The first city-wide collegiate team to be formed in Washington, D.C. and compete in the Solar Decathlon is Team Capitol DC, made up of students and faculty mentors from Catholic University, American University, and George Washington University. Their entry is HARVEST HOME, taking its name from its harvesting of natural resources, and is designed to meet the needs of a wounded veteran of the Iraq and Afghanistan wars who will live in the home after the competition.
In August 2013, Green Builder Magazine showcased the best durable/sustainable green building products that are made in the United States, pointing out that American manufacturing creates domestic jobs, reduces the impact of overseas shipping, and often makes use of locally-sourced raw materials.
Among the thirty-one products featured was the Xero Flor Green Roof System (the only green roof system to be included in the issue), which enables builders to create vegetative roofing on surfaces that range from 0 to 45 degree slopes. The Xero Flor system comprises a pre-vegetated mat, XeroTerr growing medium (a mix of compost and porous mineral aggregate), a retention fleece that distributes and stores water within the root zone, drain mat, and root barrier.
Winners of the Solar Decathlon China 2013, Team UOW (of University of Wollongong and TAFE Illawarra Institute) was the first Australian team to have ever won a place in a Solar Decathlon final and was the largest student-run competition that the UoW has ever entered.
Hosted by the United States Department of Energy, the Chinese National Energy Administration, and Peking University, Solar Decathlon China 2013 challenged 24 teams from 14 countries to design, build, and operate a solar-powered home that is energy efficient, cost effective to build, and appealing. Categories in which entries are judged include architecture, engineering, solar application, energy balance, market appeal, home entertainment, and appliances.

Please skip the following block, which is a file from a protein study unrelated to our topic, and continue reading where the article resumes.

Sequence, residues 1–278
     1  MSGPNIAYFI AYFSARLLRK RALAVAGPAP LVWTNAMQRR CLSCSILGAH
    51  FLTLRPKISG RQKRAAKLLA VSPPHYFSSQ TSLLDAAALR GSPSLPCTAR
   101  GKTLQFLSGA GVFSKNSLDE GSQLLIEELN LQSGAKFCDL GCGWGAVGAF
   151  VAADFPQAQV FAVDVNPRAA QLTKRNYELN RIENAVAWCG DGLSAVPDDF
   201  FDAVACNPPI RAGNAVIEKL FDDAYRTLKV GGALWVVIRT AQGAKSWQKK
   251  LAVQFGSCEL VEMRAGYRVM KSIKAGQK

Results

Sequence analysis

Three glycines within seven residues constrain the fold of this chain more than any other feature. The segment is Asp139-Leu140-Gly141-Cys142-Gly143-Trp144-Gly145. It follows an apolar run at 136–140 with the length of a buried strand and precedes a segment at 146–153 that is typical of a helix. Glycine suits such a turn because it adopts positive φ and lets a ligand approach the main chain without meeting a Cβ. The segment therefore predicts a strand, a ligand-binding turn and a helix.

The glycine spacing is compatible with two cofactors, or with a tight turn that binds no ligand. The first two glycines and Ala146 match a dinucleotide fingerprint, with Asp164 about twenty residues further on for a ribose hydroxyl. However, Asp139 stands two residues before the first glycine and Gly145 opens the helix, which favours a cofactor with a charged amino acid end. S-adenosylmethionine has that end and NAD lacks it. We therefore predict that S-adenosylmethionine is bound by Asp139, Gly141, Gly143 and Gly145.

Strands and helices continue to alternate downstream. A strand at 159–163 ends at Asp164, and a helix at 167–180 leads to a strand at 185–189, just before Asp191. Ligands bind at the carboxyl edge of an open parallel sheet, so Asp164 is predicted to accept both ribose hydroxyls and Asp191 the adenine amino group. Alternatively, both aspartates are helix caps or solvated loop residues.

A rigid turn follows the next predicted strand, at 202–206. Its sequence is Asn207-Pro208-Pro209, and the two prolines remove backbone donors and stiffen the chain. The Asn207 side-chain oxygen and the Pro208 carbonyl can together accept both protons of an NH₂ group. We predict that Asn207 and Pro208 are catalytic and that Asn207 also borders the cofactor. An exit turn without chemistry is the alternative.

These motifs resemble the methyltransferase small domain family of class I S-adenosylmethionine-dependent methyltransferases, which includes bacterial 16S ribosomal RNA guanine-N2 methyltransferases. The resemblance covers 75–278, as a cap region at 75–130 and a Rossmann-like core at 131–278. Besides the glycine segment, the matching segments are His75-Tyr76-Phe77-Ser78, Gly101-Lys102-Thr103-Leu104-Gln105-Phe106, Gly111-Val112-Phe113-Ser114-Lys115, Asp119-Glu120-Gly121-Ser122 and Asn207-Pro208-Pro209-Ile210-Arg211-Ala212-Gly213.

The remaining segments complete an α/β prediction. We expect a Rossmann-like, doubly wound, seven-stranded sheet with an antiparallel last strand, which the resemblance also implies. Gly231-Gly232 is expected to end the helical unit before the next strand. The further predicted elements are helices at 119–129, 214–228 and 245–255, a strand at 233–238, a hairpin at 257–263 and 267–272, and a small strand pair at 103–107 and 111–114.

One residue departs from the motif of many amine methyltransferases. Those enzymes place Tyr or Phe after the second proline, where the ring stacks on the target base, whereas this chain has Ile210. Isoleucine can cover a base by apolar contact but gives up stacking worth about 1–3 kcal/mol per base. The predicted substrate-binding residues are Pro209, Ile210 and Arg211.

One of twenty teams that have been chosen to compete in the U.S. Department of Energy Solar Decathlon 2013 competition, Team Texas is comprised of eighty students from multiple disciplines at University of Texas at El Paso (UTEP) and El Paso Community College.
Their submission is the $250,000 ADAPT home, a single family dwelling that takes on the unique challenges of the Far West Texas region where a high temperatures, low humidity, an average rainfall of eight inches a year, and strong winds can create a harsh and dusty environment in the Chihuahua desert that features mountain plateaus, high deserts, chaparrals, and verdant farmland. Taking cues from desert flora and fauna, ADAPT is an acronym for Accommodate, Design, Adjust, Provide, and Transform.
This Nederland, Colorado container home, designed by Studio H:T, performs at net-zero energy consumption by utilizing passive strategies of insulation and orientation, active solar photovoltaic and thermal systems, and the harvesting of on-site renewable fuel (timber is selectively and sustainably cleared to burn in the high-efficiency wood stove).
Dubbed BARNagain, this LEED Platinum-certified home was designed by Rick Hauser of In.Site:Architecture to meet the client’s request for an energy-efficient house that utilized materials from a deteriorating barn for its structure and skin.
The main structural elements of the home were built using timber frames, while reclaimed barn siding served as the exterior skin. Salvaged barn framing was also used for flooring, ceilings, drywall, and decking.